The 1934 Act began a pattern that has troubled regulation of electronic communications privacy ever since: the re-use of old statutory language in new contexts. “Intercept” was clear enough for radio transmissions, but what does it mean to intercept a telephone call? Is it intercepted when someone overhears one side of the conversation, or listens in on an extension telephone, or attaches a recorder to the line with one party’s consent? The courts struggled with questions like those for three decades, until the modern Wiretap Act was adopted in 1968. The Wiretap Act defined “intercept” as “the aural acquisition of the contents of any wire or oral communication through the use of any electronic, mechanical, or other device.” 18 U.S.C. § 2510(4). So “acquisition” is officially in the definition now, but instead of defining the means of getting access to the communication — acquiring a signal — “acquisition” refers to the act of listening after access (“aural” means relating to the ear or sense of hearing). The only limitation on access in the definition is that it involve some sort of device.
So what about listening to a lawfully made recording of a conversation without the consent of a party? Is that an interception? Courts have held that it is not, on the theory that it would create far too many practical problems in enforcing the Act — it would be difficult to know in advance if listening to a recording was legal or not, and it would create innumerable potential violations arising from a single recording. Courts therefore distinguish such “aural acquisitions” by listening to a recording from others that do fall within the definition. But in order to do that, courts had to read in a requirement that the interception be “contemporaneous” with transmission. This has become particularly problematic after yet another amendment that largely left the statutory language in place — the Electronic Communications Privacy Act, passed in 1986. The ECPA broadened the Wiretap Act so that it included email, but only through minimal rewording of the existing Wiretap Act. In particular, the definition of “intercept” was altered to refer to “aural or other acquisition of the contents of any wire, electronic, or oral communication” through the use of a device. It’s not clear how the “contemporaneousness” requirement, introduced to exempt listening to recordings, fits with the typical way in which email communications are surveilled. The easiest way to monitor someone’s email is to make a copy of it as it sits in some intermediate, temporary storage somewhere on a computer network. Does it “acquire” an email to make a copy of it as it sits in memory on a router or other device en route to the recipient? Some courts have said no, others yes.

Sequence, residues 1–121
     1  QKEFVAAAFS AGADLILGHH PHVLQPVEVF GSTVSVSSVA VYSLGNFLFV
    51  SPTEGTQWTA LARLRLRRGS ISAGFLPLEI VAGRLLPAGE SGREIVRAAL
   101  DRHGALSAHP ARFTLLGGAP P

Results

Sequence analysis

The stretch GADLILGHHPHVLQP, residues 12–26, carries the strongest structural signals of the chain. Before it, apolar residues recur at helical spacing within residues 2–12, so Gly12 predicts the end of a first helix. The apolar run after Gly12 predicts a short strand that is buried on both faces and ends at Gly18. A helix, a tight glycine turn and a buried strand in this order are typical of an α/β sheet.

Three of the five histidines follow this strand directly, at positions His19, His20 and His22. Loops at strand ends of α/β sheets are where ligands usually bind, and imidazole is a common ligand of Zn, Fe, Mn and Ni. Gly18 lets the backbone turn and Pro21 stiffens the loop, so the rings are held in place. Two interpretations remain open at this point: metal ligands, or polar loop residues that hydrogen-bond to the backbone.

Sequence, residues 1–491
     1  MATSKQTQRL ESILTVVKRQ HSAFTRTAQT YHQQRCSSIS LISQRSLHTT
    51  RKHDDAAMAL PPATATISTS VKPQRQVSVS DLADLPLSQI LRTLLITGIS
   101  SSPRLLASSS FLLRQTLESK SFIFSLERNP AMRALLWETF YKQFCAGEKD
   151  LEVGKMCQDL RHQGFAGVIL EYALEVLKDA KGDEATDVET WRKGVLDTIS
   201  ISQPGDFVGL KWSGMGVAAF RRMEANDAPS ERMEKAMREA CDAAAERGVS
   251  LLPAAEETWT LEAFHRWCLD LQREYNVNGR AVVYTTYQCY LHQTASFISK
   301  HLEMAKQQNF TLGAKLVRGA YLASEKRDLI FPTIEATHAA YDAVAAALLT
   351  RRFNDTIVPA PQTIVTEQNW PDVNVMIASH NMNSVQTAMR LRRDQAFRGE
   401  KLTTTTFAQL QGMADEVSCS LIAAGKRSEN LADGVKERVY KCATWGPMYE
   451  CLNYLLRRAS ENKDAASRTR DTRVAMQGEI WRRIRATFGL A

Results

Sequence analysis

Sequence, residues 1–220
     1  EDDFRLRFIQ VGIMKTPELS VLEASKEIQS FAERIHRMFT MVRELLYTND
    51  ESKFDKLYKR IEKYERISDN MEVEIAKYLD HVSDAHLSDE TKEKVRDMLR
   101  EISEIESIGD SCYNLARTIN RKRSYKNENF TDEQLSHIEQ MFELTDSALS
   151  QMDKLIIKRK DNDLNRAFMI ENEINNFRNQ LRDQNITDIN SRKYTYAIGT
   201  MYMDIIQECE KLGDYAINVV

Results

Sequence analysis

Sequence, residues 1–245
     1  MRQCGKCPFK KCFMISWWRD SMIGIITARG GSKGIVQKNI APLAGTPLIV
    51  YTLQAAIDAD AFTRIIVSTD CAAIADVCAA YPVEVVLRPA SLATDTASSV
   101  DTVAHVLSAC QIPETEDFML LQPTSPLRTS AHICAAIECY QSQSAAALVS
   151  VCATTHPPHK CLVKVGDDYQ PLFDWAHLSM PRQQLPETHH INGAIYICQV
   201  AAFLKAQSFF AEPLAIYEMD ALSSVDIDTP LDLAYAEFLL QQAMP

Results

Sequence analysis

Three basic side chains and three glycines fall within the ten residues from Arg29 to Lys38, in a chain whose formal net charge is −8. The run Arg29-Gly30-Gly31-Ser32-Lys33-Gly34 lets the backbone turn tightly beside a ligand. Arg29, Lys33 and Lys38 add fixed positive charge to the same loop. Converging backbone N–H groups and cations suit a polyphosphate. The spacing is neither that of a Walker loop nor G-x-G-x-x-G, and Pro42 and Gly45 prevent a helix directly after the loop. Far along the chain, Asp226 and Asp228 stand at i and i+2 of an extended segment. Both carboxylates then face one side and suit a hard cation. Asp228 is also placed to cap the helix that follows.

Congress has been toying with amending the ECPA for at least a year. One thing it could do to make the statute clearer is finally lay the ghosts of the Titanic to rest, and make the language fit for technology in 2012 rather than 1912.